I then go through the alpine beds, cutting back a large golden leaved oregano and the Pasque flower (Pulsatilla), which has produced its first flower of the year. I notice more damaged thyme and my rockroses look very dodgy.
Two plants that are looking beautiful, which I would have considered delicate, are my new Mimosas, with their bright yellow, small, pompom flowers, which seem to last for ages.
Aideen does some more weeding and at the end of the day she goes to help Diane and Patrick with the rustic fence. Patrick produces the posts, cutting the ends to a point with his chain saw…slightly scary… and Aideen and Diane hammer them into the ground with the new post driver, which is extremely heavy. I am able to observe progress as I trot backwards and forwards with barrows of compost to add to the herb garden. We work outside until 6:30pm, by which time, I’ve added a large jumper to my t-shirt, fleece and fleece jacket, the most layers I’ve worn this Winter!
The Last Red Cabbage
Today is a ‘run day’ and it is so cold that I wear a jacket and gloves. We were encouraged on our way by three of the animals. Bella takes the lead with Aideen and Tiggy, the sweetest of souls, waits by an opening in the box hedge to come out for every lap, bestow a cat smile (narrowing of the eyes) and swish her tail like a motivational flag. Pip stalks around finding various bushes and hedges to spring out of to give us, or Tiggy, a surprise! Diane seems quite pleased with my progress and encourages me to weigh myself when I come in. Much to my delight, I discover that I have finally started to shift some weight.
The intention of today is for Patrick, assisted by the girls, to continue with his rustic fence. This fence ticks several boxes because there was a precedent for rustic trellis work in Tudor gardens. Very elaborate creations in wooden trellis were popular in gardens of that period and poles cut straight from the tree were also used. Patrick’s fence is not a full trellis, it has upright posts quite closely set in the ground and then poles fixed across the uprights diagonally, but only in one direction. I think this looks very good and it is also extremely sturdy. This fence also ticks the environmentally friendly box as it is made from natural materials, we are recycling the wood from the nut trees we had to cut down last year. I tell the fence building crew that they are doing a fine job and mention that the post hammer is sounding a very ‘in tune’ Bb! After some careful watering in the tunnel, the newly sown cosmos has come up incredibly quickly and the antirrhinum are also emerging, I concentrate my efforts on the fruit tree border.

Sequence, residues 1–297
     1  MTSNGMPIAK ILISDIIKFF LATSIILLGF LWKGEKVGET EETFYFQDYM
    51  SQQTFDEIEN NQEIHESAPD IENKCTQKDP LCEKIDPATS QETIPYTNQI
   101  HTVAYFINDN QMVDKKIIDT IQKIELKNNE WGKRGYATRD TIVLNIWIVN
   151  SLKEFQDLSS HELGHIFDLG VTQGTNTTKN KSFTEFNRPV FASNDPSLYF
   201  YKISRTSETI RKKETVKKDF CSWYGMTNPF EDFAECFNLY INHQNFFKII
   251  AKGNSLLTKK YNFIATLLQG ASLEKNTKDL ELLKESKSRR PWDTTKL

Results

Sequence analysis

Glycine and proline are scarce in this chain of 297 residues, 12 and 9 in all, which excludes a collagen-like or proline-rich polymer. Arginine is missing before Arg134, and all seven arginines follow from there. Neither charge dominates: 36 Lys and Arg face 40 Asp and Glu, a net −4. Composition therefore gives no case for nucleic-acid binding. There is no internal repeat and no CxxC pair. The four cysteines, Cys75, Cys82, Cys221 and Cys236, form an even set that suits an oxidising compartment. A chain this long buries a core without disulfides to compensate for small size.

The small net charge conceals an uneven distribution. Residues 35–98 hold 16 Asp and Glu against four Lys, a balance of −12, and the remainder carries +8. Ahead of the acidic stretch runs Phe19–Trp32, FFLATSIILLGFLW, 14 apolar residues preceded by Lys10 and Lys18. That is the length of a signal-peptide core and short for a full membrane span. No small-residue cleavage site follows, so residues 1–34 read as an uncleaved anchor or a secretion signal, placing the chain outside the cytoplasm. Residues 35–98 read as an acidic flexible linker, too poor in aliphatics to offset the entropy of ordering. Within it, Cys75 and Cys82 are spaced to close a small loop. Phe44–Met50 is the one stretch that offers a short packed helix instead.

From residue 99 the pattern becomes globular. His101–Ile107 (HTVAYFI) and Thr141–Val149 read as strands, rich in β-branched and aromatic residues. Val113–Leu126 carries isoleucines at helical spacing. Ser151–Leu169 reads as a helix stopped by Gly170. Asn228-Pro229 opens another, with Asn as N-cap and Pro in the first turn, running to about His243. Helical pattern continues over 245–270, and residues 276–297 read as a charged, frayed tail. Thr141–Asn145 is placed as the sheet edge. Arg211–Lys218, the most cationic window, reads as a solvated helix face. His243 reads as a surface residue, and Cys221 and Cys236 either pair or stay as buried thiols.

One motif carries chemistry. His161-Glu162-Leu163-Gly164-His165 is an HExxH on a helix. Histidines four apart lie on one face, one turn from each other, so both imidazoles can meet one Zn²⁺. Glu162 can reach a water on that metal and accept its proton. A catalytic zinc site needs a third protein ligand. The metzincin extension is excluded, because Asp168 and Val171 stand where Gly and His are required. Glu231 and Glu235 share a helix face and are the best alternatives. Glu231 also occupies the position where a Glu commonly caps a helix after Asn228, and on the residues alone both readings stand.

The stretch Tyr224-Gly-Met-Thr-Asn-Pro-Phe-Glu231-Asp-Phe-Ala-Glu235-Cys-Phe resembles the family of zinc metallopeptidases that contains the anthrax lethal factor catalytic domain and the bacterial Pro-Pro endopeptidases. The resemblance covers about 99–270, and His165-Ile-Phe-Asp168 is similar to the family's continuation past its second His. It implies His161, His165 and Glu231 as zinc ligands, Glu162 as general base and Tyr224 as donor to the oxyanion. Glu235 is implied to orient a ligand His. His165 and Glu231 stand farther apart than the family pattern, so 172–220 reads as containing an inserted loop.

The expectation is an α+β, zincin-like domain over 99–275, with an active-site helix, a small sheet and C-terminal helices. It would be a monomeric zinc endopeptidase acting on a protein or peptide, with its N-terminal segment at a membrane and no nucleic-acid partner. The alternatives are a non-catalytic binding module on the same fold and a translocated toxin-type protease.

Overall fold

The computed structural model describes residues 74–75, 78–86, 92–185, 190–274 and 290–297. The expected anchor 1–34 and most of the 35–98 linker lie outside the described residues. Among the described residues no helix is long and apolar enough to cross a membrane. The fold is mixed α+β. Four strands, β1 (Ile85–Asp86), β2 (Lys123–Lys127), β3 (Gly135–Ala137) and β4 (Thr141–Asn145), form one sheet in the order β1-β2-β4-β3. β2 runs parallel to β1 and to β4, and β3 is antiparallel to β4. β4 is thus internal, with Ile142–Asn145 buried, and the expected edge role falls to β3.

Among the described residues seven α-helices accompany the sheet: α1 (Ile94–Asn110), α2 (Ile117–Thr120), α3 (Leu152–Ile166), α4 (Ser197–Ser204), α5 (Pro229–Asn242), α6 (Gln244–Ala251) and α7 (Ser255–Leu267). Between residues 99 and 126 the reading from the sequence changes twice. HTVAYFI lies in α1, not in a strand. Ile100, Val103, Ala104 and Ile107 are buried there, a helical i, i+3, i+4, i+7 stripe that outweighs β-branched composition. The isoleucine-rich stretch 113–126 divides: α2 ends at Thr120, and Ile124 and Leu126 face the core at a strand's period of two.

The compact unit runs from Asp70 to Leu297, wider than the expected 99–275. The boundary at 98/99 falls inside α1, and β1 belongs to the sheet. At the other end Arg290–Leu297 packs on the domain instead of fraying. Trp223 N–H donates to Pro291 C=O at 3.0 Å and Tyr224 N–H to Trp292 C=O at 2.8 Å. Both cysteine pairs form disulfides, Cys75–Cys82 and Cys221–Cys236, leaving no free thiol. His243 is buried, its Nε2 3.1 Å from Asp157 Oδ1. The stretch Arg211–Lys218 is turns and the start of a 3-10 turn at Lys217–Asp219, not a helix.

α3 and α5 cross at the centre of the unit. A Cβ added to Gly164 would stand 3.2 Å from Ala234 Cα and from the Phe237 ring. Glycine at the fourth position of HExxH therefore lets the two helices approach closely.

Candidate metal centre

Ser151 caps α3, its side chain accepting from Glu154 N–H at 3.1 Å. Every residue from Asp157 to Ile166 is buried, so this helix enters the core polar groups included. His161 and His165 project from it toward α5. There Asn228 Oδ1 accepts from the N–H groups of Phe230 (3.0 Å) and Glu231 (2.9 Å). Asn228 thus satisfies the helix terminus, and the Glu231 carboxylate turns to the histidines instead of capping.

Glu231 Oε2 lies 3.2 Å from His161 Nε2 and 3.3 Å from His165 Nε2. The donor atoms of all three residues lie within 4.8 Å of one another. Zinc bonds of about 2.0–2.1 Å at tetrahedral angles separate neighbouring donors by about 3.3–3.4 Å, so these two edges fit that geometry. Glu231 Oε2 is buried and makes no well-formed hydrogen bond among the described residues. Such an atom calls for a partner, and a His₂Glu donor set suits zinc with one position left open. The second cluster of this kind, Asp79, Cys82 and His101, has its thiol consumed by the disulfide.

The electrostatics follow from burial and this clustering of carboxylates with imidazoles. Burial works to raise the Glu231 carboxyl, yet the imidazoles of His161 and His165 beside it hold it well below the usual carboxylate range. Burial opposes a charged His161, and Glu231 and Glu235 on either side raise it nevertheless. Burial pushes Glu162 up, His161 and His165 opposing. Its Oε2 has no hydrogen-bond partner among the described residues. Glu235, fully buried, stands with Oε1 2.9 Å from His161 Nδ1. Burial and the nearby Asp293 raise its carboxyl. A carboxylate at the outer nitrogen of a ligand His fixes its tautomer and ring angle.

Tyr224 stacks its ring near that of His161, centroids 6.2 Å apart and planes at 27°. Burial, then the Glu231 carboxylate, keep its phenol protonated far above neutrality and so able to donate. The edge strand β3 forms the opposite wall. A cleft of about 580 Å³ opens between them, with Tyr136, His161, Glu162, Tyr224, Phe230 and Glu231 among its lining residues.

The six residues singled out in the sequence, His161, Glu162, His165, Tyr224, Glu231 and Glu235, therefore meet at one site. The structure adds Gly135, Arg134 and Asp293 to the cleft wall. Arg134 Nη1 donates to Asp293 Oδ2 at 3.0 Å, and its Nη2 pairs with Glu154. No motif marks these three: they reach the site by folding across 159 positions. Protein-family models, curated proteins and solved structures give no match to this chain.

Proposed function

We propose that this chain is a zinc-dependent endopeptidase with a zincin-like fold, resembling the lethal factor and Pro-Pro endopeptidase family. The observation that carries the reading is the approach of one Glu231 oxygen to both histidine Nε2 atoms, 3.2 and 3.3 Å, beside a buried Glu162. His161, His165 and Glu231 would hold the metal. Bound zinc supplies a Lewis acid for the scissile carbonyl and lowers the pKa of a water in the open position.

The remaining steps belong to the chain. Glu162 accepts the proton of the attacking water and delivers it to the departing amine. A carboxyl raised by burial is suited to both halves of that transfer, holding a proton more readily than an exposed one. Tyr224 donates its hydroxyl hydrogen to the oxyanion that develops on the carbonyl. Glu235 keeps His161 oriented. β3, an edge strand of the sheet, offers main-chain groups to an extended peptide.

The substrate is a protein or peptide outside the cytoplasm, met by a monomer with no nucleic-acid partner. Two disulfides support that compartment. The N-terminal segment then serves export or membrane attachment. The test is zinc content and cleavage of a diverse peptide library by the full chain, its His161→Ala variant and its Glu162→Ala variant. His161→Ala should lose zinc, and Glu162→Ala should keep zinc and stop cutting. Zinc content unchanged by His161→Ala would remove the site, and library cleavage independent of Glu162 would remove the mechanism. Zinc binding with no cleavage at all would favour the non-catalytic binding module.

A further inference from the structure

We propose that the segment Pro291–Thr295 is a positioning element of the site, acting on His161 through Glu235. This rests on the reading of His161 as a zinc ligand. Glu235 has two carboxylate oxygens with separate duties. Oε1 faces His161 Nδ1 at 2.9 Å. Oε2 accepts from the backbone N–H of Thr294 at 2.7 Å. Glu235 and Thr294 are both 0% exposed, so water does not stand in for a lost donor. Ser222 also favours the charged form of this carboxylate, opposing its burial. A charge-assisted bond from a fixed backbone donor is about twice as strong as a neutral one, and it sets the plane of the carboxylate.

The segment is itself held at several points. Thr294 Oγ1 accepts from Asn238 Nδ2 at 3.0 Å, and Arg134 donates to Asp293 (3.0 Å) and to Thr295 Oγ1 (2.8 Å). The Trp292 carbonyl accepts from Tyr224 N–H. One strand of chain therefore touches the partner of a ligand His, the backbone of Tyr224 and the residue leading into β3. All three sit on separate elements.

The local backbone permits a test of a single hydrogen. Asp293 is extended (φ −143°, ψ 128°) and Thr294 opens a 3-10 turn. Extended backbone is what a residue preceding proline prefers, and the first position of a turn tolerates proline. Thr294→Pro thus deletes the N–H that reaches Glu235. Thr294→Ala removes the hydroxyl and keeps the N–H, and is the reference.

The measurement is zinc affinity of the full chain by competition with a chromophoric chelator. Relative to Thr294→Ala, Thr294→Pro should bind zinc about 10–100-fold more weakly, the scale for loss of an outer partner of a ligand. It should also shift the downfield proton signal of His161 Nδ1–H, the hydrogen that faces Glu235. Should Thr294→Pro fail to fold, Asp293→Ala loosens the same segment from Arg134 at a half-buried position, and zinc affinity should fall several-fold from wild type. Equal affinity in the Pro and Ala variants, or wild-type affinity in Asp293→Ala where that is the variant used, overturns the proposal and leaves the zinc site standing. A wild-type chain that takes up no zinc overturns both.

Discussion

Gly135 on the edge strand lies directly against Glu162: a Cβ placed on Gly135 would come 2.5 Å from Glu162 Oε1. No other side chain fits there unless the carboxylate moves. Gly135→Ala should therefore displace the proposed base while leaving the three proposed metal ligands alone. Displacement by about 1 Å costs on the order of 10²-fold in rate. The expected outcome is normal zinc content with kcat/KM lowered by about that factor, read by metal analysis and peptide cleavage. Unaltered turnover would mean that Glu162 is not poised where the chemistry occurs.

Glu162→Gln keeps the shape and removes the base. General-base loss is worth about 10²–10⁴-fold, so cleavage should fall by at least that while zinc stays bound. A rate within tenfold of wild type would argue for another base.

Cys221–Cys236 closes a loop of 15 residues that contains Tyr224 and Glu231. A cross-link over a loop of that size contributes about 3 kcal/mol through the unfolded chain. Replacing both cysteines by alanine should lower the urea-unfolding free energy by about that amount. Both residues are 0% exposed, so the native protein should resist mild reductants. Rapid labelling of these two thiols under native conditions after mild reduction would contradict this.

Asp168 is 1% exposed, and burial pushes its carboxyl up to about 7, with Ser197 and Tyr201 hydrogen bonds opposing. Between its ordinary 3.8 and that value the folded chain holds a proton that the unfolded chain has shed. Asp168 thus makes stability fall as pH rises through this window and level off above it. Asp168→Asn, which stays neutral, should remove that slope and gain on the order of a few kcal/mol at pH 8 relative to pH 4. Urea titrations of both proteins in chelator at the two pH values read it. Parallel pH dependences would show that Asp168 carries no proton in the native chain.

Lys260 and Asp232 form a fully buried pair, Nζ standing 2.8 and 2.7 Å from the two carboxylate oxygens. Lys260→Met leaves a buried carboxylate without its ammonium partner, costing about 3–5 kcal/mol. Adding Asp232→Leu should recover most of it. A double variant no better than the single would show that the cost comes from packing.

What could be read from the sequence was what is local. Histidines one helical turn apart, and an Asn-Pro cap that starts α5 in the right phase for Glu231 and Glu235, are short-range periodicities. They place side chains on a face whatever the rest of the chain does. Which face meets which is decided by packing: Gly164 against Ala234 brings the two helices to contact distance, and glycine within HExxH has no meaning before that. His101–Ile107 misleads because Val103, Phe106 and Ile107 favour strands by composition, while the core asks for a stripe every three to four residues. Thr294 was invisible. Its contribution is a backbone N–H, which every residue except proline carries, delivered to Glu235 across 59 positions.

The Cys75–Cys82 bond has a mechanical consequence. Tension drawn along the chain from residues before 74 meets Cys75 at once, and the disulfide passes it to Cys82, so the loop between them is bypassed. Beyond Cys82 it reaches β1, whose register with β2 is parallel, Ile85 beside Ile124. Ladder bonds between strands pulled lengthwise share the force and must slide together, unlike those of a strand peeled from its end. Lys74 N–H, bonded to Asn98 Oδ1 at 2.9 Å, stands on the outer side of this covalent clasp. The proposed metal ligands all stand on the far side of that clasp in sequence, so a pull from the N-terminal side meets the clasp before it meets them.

I have reached a very difficult section where grass has seeded itself into the border. This is a bit of a disaster as it is very fiddly to remove and you can never remove it all. I don’t really understand why grass just appears for no apparent reason, particularly frustrating when it can be so reticent in places where it is supposed to be growing!
We now have an increasingly fine display of daffodils, of which we have numerous varieties of differing size and shade, which gives us a long succession of flowers. The trained apricots are coming into full blossom, which hopefully will survive any frosts. We also have a bevy of hyacinths coming into bloom at the edge of the border, that not only look beautiful but smell heavenly. The hyacinths have been there since 2016, therefore, some are no longer full-sized, but most are still quite full flowered.
Today I discover from ‘The Superfood Diet’ book that pumpkin, according to research from East China Normal University, contains compounds that boost levels of insulin in the blood. Thus, making pumpkin extract a very good product for pre-diabetic and diabetic people. This is very encouraging considering the quantity of butternut squash that we consume.
Tonight, I brought in the remaining red cabbage from the garden to make a new recipe from the above book, ‘Polish Chicken and Red Cabbage Blgos’. It wasn’t until I looked at the red cabbage bed that I realised that the remaining red cabbages had been thoroughly zapped by the cold. I managed to salvage four small heads of red cabbage that looked quite gruesome. I then spent ages removing horrid outer layers to retrieve some usable cabbage in the centre. After all this effort, I then discovered a problem with the chicken and couldn’t cook the meal. I bagged up the cabbage and resolved to attempt this national dish of Poland on another night.